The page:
Scientists have come to a common consensus about events that wiped out dinosaurs from the face of the Earth, and the approximate date the events occurred. They agree a combination of a massive asteroid impact, and vast volcanic eruptions – occurring about 66 million years ago, marked the end of dinosaurs and several other creatures of ancient times.
Published in the journal Science, the scientists on Thursday stated that the space rock or asteroid that hit Earth was about 6 miles or 10 km wide – and it hit the Yucatan region of Mexico at nearly the time when a massive volcanic eruption spewed forth in India.
The combination and proximity of the two events threw dust, ash, and harmful fumes like carbon dioxide and sulfur dioxide into the air, altering the climate and leading to the deaths of about 75% of all species on Earth in one of the worst mass extinctions to have ever occurred since creation.
Science researchers estimated that the asteroid strike must have occurred 66.04 million years ago – plus or minus 30,000 years. They also estimated the eruptions that eventually occurred in the Deccan Traps east of Mumbai region of India was already underway at a much lower intensity, but the asteroid blast accelerated and triggered it to gather momentum before erupting dust and gases that overwhelmed the climate, leading to the end of most creatures.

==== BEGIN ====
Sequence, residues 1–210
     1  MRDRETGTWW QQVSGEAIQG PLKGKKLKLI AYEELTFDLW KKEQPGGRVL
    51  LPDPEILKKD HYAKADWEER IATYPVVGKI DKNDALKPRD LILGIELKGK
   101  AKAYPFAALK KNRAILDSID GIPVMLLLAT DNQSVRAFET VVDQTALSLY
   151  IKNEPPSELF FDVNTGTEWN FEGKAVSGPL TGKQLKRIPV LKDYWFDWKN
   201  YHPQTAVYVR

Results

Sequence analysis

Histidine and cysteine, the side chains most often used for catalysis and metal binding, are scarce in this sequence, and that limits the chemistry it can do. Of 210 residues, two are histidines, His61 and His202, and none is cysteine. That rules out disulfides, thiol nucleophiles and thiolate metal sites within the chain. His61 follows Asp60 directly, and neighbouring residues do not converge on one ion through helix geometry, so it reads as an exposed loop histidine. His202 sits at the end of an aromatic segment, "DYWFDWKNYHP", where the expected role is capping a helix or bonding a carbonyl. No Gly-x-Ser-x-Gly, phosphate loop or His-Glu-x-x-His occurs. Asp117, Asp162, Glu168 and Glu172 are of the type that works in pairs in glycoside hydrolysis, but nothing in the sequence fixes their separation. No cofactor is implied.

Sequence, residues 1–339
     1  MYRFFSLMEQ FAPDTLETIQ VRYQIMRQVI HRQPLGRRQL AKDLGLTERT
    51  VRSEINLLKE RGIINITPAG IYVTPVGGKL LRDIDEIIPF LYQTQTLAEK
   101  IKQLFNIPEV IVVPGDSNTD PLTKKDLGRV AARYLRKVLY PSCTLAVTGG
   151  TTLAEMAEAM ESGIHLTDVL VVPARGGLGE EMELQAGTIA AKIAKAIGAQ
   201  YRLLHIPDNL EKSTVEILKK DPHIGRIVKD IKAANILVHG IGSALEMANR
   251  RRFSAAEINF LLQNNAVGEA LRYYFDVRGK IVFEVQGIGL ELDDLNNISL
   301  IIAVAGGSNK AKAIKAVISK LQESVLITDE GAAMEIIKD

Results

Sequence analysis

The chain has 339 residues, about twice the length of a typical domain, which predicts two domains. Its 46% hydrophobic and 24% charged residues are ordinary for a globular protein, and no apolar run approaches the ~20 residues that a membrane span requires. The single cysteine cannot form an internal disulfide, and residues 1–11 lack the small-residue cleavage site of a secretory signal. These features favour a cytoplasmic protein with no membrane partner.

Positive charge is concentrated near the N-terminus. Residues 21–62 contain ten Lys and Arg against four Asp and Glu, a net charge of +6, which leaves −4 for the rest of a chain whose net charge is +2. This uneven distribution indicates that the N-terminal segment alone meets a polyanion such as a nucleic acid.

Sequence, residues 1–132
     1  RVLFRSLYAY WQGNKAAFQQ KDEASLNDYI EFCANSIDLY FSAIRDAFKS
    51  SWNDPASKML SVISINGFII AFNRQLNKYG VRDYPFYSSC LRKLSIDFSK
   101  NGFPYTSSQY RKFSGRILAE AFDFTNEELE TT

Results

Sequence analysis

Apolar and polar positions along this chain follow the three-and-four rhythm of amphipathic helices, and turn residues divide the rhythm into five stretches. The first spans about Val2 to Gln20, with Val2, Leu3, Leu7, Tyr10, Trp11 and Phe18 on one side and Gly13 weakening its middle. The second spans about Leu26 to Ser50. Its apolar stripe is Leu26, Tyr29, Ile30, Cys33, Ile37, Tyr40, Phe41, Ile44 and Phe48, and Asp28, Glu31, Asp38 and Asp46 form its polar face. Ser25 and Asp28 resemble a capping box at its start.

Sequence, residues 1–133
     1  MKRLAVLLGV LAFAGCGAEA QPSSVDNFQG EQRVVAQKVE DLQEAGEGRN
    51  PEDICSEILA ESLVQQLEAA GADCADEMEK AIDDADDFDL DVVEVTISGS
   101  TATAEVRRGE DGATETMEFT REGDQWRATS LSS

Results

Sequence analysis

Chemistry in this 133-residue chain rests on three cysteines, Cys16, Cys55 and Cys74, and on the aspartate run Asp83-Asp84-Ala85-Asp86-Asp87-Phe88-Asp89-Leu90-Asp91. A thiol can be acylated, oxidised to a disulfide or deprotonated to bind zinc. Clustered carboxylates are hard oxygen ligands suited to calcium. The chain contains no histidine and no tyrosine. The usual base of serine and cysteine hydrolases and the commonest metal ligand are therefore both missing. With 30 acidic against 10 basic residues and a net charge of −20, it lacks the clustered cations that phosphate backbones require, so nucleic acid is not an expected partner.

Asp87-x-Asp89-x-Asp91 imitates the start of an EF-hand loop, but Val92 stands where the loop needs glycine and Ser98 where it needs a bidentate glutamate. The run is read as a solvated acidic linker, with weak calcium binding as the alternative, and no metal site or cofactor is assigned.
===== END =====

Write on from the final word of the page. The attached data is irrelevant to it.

Scientists estimated through the dating technique used that the volcanic acceleration started within 50,000 years of the asteroid impact – but it could also have been within days, months, or years of the hit.
“Within measurement error, they’re simultaneous,” said volcanologist Loÿc Vanderkluysen of Philadelphia’s Drexel University.
“The two processes in tandem caused the extinctions,” added Paul Renne, director of the Berkeley Geochronology Center and a University of California, Berkeley geologist.
For the past 35 years, scientists have intensely debated which of the two natural disasters drove the extinction of dinosaurs and others.
“The debate has been contentious,” Renne said. “Now it’s time to stop dismissing one cause or the other. They clearly happened at the same time and both contributed.”
“An asteroid 10 kilometers across, about the size of Manhattan, hitting the Earth is traumatic enough. But what followed were the largest volcanic eruptions the Earth had seen in 60 million years. And in their wake would have come 4,000 centuries of changing climate, ocean acidification and acid rains,” Vanderkluysen added.
Scientists estimate the Deccan Trap eruptions lasted about 420,000 years after the asteroid impact, and it covered continental United States 600 feet or 180 meters deep in lava.
“We as humans wouldn’t be here if the dinosaurs had not been wiped out,” said Cal-Berkeley geophysicist Mark Richards, suggesting the end of the Cretaceous Period paved the way for mammals to dominate the land as we have it today.